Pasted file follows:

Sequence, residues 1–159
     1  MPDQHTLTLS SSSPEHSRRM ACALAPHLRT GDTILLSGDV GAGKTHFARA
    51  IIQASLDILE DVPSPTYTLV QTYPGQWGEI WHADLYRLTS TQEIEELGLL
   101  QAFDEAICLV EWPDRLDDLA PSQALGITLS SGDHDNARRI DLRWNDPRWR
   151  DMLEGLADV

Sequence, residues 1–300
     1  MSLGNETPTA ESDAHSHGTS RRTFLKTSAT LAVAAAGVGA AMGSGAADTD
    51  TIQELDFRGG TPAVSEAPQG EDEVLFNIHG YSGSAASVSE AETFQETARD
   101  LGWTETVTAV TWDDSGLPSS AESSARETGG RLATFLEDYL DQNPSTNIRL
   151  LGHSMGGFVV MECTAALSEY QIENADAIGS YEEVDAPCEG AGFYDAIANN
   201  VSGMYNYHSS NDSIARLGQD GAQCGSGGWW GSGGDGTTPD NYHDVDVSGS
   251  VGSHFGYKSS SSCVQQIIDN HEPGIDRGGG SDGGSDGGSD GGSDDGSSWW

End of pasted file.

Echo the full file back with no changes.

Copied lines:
Sequence, residues 1–159
     1  MPDQHTLTLS SSSPEHSRRM ACALAPHLRT GDTILLSGDV GAGKTHFARA
    51  IIQASLDILE DVPSPTYTLV QTYPGQWGEI WHADLYRLTS TQEIEELGLL
   101  QAFDEAICLV EWPDRLDDLA PSQALGITLS SGDHDNARRI DLRWNDPRWR
   151  DMLEGLADV

Sequence, residues 1–300
     1  MSLGNETPTA ESDAHSHGTS RRTFLKTSAT LAVAAAGVGA AMGSGAADTD
    51  TIQELDFRGG TPAVSEAPQG EDEVLFNIHG YSGSAASVSE AETFQETARD
   101  LGWTETVTAV TWDDSGLPSS AESSARETGG RLATFLEDYL DQNPSTNIRL
   151  LGHSMGGFVV MECTAALSEY QIENADAIGS YEEVDAPCEG AGFYDAIANN
   201  VSGMYNYHSS NDSIARLGQD GAQCGSGGWW GSGGDGTTPD NYHDVDVSGS
   251  VGSHFGYKSS SSCVQQIIDN HEPGIDRGGG SDGGSDGGSD GGSDDGSSWW